On the controversies that engulfed the illness and demise of former president Umaru Musa Yar’Adua, Jonathan said the security agencies failed Nigerians in that aspect. He said the security bosses should look at the parts played by security personnel attached to the President, obviously making reference to the late president’s CSO and ADC. The president said Yar’Adua’s wife, Turai could not have been that powerful since the constitution did not give her such leverage. In his opinion, Turai alone could not have blocked access to the late president, the security agencies were the ones with powers and blocked access to Yar’Adua while he was in a hospital in Saudi Arabia.
"If the President were to be healthy enough, then one can make deductions and make certain statements.ã€€ You see, the president had health challenges and he was not in this country; he was in Saudi Arabia, which you know.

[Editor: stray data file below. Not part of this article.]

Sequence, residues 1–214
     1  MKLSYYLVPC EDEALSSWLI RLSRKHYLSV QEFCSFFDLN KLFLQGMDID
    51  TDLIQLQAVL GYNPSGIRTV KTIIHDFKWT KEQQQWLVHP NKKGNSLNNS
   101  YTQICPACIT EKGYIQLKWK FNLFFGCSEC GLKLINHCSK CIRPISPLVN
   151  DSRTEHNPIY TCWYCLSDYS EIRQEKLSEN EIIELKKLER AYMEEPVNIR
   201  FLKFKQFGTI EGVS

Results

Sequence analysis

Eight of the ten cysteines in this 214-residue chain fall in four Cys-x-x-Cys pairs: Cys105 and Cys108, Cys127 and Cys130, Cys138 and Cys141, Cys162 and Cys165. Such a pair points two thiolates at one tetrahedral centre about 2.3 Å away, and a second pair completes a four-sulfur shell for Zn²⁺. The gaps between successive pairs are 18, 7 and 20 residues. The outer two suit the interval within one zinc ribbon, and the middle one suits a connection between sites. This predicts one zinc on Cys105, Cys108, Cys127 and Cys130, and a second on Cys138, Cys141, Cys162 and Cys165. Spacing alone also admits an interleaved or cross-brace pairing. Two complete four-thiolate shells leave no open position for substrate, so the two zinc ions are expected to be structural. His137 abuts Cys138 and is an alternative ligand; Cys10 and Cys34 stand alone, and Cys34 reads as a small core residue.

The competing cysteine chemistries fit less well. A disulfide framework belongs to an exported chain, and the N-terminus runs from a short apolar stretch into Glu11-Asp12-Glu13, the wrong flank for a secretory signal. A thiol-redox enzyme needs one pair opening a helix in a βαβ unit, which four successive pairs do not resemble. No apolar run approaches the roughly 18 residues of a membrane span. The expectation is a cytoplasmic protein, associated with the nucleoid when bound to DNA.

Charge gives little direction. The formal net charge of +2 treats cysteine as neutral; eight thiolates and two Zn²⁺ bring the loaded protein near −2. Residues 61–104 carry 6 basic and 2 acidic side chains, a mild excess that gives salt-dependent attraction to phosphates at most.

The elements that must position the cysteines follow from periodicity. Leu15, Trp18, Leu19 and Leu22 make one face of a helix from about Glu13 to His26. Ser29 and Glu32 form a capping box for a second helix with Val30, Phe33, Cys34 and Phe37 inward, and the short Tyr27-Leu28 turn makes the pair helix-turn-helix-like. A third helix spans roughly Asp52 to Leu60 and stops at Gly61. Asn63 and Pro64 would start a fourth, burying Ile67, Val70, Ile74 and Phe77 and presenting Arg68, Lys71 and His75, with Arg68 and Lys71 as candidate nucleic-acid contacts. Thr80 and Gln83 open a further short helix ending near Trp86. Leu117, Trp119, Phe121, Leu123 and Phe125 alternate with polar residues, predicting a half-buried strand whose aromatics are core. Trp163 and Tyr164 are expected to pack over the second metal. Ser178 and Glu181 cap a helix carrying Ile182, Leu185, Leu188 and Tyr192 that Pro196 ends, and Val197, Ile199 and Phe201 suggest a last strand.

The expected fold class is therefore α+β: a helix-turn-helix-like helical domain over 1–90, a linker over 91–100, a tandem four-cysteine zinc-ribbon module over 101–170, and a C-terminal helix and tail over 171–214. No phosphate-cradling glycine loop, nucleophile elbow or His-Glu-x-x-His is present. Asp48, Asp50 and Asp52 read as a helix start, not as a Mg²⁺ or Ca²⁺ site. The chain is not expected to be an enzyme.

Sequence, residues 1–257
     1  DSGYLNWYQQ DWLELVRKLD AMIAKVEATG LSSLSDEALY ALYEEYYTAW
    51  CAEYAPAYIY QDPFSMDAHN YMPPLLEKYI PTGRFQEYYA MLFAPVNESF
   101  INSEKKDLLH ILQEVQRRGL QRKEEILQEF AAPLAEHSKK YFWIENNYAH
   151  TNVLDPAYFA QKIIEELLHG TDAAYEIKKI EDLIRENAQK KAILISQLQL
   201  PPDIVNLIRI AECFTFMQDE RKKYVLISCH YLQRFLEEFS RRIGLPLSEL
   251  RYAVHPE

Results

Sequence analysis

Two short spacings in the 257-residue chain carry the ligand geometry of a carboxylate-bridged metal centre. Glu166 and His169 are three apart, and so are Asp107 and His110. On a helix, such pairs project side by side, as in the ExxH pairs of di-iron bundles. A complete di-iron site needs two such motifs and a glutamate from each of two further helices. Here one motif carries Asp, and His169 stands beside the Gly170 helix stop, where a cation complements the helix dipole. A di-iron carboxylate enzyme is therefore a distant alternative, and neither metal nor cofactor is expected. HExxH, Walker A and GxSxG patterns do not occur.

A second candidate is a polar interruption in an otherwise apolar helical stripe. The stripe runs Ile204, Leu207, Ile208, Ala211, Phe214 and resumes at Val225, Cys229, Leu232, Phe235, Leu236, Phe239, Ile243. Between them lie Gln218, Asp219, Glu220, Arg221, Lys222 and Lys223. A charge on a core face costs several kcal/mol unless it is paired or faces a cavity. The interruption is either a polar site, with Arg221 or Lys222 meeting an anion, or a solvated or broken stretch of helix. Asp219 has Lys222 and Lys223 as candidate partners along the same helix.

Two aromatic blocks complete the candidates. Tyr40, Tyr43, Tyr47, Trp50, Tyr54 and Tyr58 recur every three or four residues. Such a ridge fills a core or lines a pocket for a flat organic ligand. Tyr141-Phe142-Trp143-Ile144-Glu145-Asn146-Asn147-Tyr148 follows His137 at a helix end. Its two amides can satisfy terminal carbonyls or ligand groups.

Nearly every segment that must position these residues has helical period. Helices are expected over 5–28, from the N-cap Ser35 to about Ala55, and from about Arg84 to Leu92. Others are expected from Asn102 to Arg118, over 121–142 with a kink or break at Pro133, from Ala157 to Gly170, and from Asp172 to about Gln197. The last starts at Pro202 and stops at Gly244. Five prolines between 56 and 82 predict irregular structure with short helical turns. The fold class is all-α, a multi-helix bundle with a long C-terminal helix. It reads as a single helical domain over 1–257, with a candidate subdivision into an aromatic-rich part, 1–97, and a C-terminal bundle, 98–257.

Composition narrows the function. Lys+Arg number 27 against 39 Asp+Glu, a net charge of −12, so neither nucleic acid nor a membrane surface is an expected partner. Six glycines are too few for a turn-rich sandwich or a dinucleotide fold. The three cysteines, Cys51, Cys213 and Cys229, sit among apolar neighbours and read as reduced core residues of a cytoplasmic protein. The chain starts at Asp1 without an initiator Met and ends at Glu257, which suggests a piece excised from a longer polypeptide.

"He was there with senior government functionaries but they were not political office holders.ã€€ They were security personnel and personal physician.ã€€ So, it was not the First Lady alone that prevented Nigerians from seeing the president.
"It was the security and because somebody is sick and you would not want to force yourself on the person and the person was not even here in the country; so, the issue is not as if it is the First Lady.
"The First Lady was not even there at the hospital twenty four hours to prevent people.ã€€ It was the security people that worked for the president.ã€€ So I expected the security agencies to look into the conduct of those security officers that were with the president.
"It was not only the First Lady per se; probably the family did not want people to. We know as a practice in other countries today, if anything happens to me, I am public property even if I have fever, Nigerians will want to know if it is malaria but once somebody is seriously sick and the family position tries to take the leading position and that is why even as Vice-President then I could not force my way to see him.